Sorry, I'm late to the party as always
. I should really check these forums more often. Lots of interesting discussion, and on something that we've been thinking about as well.
I'd like to point out that Moacube's Cinders
seemed to have no issue with calling itself a "visual novel" despite its non-anime art style.
Cinders' page on moacube.com wrote:Cinders is our fairytale-inspired visual novel, ditching the passive protagonist and banal morals of the original story in sake of a more serious approach.
There's no mention of any other term to describe what "kind" of game it was and people seemed to love it.
Actually, we think that calling Cinders a visual novel was a mistake, and we're trying to avoid that with Solstice. It scares people away, unfortunately
There's some stigma involved with the term VN and it affects people's impression of the game before they even play it. If you send the game to press the and call it "a feminist retelling of Cinderella", they'll likely get interested and play it. If you call it a visual novel, there's a large chance they'll think "oh, one of those..." and won't even care to check it out.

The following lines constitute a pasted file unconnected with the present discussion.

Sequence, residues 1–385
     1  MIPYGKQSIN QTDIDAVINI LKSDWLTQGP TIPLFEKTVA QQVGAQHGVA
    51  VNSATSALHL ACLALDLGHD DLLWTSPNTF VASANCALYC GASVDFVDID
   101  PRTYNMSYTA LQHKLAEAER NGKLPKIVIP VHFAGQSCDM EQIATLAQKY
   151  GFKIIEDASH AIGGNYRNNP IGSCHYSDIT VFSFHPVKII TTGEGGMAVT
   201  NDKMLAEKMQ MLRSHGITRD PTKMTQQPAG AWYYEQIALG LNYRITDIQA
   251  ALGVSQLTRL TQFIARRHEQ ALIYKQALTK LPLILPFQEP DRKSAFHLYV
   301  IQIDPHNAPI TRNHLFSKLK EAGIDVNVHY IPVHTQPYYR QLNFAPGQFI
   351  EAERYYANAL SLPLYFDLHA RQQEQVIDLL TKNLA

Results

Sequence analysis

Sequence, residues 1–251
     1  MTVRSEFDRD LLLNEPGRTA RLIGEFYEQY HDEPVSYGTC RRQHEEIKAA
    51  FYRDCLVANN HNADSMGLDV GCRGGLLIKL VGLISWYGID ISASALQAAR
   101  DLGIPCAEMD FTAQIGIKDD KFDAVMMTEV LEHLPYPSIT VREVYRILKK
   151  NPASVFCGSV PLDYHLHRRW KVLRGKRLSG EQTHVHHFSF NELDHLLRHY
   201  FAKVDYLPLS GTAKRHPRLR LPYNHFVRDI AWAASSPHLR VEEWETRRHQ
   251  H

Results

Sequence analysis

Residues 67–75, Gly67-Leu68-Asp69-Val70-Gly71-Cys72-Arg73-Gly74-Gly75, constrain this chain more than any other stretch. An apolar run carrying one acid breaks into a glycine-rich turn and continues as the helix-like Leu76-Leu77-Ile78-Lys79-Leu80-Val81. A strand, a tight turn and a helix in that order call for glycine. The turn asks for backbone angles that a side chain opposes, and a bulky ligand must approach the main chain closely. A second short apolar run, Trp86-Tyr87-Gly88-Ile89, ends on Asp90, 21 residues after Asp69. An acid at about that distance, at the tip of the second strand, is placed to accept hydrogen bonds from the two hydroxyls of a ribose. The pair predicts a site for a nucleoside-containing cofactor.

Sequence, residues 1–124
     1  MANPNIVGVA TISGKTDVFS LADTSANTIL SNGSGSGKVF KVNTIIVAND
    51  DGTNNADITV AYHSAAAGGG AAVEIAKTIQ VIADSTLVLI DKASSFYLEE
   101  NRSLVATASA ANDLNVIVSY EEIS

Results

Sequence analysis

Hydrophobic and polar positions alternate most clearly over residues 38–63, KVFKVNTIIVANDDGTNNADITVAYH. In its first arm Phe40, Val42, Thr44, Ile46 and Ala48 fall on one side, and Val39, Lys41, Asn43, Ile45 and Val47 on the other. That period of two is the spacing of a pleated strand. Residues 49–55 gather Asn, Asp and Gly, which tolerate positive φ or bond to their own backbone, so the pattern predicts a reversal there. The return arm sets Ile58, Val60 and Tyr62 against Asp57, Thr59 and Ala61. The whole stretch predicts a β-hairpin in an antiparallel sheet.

Of course I don't know how well it did in terms of "typical VN audience" versus "people-not-familiar-with-the-term-visual-novel audience," but it did get a lot of press outside of VN-centric sites.
Cinders sold mostly to the existing VN audience, even despite the okay mainstream coverage. Features on Kotaku and the likes bring a lot of traffic, but almost no sales. Actually, we got more sales and interested players from mentions on personal blogs and tumblrs of VN fans.
Mainstream gamers are simply not interested in playing visual novels. In a way, you have to trick them to try it. And then hope that it's good enough so they keep playing.